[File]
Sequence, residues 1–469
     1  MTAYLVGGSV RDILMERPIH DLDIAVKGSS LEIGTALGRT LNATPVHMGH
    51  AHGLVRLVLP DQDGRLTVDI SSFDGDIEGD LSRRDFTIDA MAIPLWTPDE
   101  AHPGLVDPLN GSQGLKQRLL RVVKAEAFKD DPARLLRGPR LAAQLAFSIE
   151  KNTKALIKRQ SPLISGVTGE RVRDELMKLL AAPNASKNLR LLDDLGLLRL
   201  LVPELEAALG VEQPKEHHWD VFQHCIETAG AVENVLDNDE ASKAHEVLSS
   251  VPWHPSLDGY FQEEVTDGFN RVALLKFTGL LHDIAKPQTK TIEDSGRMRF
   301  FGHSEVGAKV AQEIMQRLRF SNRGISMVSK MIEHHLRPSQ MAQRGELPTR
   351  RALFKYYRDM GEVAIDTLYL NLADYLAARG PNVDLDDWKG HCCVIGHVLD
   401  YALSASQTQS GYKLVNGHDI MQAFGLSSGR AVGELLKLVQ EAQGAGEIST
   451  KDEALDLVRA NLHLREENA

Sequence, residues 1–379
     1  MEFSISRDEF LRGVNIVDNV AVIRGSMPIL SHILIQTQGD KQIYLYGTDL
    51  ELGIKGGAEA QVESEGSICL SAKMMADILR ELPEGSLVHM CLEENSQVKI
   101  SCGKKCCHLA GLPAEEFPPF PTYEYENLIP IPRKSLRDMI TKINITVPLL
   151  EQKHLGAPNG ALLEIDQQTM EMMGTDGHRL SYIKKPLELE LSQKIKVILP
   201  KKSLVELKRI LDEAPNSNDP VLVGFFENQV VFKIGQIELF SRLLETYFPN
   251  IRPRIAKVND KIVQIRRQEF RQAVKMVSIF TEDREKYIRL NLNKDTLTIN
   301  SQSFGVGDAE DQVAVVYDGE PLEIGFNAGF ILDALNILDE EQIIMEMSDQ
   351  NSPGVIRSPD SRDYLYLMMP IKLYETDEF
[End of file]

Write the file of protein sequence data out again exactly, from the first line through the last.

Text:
Sequence, residues 1–469
     1  MTAYLVGGSV RDILMERPIH DLDIAVKGSS LEIGTALGRT LNATPVHMGH
    51  AHGLVRLVLP DQDGRLTVDI SSFDGDIEGD LSRRDFTIDA MAIPLWTPDE
   101  AHPGLVDPLN GSQGLKQRLL RVVKAEAFKD DPARLLRGPR LAAQLAFSIE
   151  KNTKALIKRQ SPLISGVTGE RVRDELMKLL AAPNASKNLR LLDDLGLLRL
   201  LVPELEAALG VEQPKEHHWD VFQHCIETAG AVENVLDNDE ASKAHEVLSS
   251  VPWHPSLDGY FQEEVTDGFN RVALLKFTGL LHDIAKPQTK TIEDSGRMRF
   301  FGHSEVGAKV AQEIMQRLRF SNRGISMVSK MIEHHLRPSQ MAQRGELPTR
   351  RALFKYYRDM GEVAIDTLYL NLADYLAARG PNVDLDDWKG HCCVIGHVLD
   401  YALSASQTQS GYKLVNGHDI MQAFGLSSGR AVGELLKLVQ EAQGAGEIST
   451  KDEALDLVRA NLHLREENA

Sequence, residues 1–379
     1  MEFSISRDEF LRGVNIVDNV AVIRGSMPIL SHILIQTQGD KQIYLYGTDL
    51  ELGIKGGAEA QVESEGSICL SAKMMADILR ELPEGSLVHM CLEENSQVKI
   101  SCGKKCCHLA GLPAEEFPPF PTYEYENLIP IPRKSLRDMI TKINITVPLL
   151  EQKHLGAPNG ALLEIDQQTM EMMGTDGHRL SYIKKPLELE LSQKIKVILP
   201  KKSLVELKRI LDEAPNSNDP VLVGFFENQV VFKIGQIELF SRLLETYFPN
   251  IRPRIAKVND KIVQIRRQEF RQAVKMVSIF TEDREKYIRL NLNKDTLTIN
   301  SQSFGVGDAE DQVAVVYDGE PLEIGFNAGF ILDALNILDE EQIIMEMSDQ
   351  NSPGVIRSPD SRDYLYLMMP IKLYETDEF